• 15 minutes: partner work time
• As students find the total length for each trip, monitor for students who:
• explain or show methods that create equivalent, but easier or known sums
• explain methods based on using known facts

### Student Facing

Dibuja una recta para representar la distancia que hay entre estas ciudades del mapa. Luego, mide la longitud en centímetros.

1. Noah empezó en Trenton, Nueva Jersey.

1. Primero, viajó a Harrisburg, Pensilvania. _____ cm
2. Luego, viajó de Harrisburg a Indianápolis, Indiana. _____ cm
3. Por último, viajó de Indianápolis a Saint Paul, Minnesota. _____ cm
2. Diego empezó en Sacramento, California.

1. Primero, viajó a Phoenix, Arizona. _____ cm
2. Luego, viajó de Phoenix a Santa Fe, Nuevo México. _____ cm
3. Por último, viajó de Santa Fe a Topeka, Kansas. _____ cm
3. Lin empezó en Austin, Texas.

1. Primero, viajó a Oklahoma City, Oklahoma. _____ cm
2. Luego, viajó de Oklahoma City a Nashville, Tennessee. _____ cm
3. Por último, viajó de Nashville a Augusta, Maine. _____ cm

4. Encuentra la longitud total del recorrido de cada estudiante. Representa el total con una ecuación.

1. Longitud total del recorrido de Lin
2. Longitud total del recorrido de Diego
3. Longitud total del recorrido de Noah

### Activity Synthesis

• Invite 1–2 previously identified students to share their equation for Diego’s total.
• “¿Cómo encontraron la longitud total del recorrido de Diego? ¿Por qué tomaron esa decisión?” // “How did you find Diego’s total? Why did you make that decision?”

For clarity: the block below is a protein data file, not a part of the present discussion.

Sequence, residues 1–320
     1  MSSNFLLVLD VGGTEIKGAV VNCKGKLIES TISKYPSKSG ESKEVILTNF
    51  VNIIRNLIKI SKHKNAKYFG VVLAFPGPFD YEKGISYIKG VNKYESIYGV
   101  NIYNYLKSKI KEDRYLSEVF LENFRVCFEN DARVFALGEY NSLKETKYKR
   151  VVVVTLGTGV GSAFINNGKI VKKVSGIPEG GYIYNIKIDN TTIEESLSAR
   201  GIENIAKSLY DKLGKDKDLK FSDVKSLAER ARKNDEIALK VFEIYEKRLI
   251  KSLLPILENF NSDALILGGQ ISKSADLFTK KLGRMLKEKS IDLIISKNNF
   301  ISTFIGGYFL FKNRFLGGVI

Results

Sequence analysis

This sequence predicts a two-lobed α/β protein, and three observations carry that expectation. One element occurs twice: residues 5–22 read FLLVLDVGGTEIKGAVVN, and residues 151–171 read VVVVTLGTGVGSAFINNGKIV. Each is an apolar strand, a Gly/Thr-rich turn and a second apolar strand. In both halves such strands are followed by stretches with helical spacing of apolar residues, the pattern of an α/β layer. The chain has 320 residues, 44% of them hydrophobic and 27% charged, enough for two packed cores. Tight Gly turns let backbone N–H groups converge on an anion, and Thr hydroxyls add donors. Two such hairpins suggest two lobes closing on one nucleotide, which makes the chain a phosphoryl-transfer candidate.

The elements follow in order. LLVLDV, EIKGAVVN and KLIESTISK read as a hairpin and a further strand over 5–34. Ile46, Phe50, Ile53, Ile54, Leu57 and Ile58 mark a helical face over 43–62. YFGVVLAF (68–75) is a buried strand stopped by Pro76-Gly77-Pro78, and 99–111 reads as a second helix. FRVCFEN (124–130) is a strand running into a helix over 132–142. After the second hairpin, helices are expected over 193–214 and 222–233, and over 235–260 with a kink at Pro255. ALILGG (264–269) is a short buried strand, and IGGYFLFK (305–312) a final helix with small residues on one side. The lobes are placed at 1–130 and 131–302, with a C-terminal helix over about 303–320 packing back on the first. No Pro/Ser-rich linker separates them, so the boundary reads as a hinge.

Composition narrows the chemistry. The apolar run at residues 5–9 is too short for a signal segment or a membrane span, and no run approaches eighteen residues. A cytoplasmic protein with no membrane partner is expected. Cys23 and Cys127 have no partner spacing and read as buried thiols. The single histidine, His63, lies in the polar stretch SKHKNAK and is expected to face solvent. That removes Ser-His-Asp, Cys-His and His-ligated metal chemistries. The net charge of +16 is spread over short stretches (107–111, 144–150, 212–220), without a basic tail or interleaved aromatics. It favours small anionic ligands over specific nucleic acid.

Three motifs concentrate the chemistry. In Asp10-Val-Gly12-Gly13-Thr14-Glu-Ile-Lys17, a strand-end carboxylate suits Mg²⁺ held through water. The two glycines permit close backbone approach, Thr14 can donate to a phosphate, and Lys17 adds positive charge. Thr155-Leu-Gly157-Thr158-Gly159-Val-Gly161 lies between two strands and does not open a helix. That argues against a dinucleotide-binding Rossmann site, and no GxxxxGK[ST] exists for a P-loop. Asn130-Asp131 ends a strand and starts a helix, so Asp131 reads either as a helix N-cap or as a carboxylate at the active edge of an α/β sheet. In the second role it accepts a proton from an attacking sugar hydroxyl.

• Invite 1–2 previously identified students to share their equation for Lin’s total.
• “¿Cómo encontraron la longitud total del recorrido de Lin? ¿Por qué tomaron esa decisión?” // “How did you find Lin’s total? Why did you make that decision?”

## Activity 2: ¿Cuánto más largo? (15 minutes)

### Narrative

The purpose of this activity is for students to compare the lengths they measured in the previous activity. Students are encouraged to share and compare strategies they use for finding the unknown length.

As students compare lengths, ask them about the methods they are using. In particular, identify students who are using the following methods for finding difference:

• making equivalent, but easier sums or differences (making 10)
• using known facts (changing equations to make known facts, using relationship between addition and subtraction, etc.)
MLR2 Collect and Display. Circulate, listen for, and collect the language students use as they compare lengths. On a visible display, record words and phrases such as: “más largo”, “más corto”, “centímetro más cercano”, “distancia”, “suma” y “diferencia” // “longer,” “shorter,” “nearest centimeter,” “distance,” “sum,” and “difference.” Invite students to borrow language from the display as needed, and update it throughout the lesson.

• Groups of 2

### Activity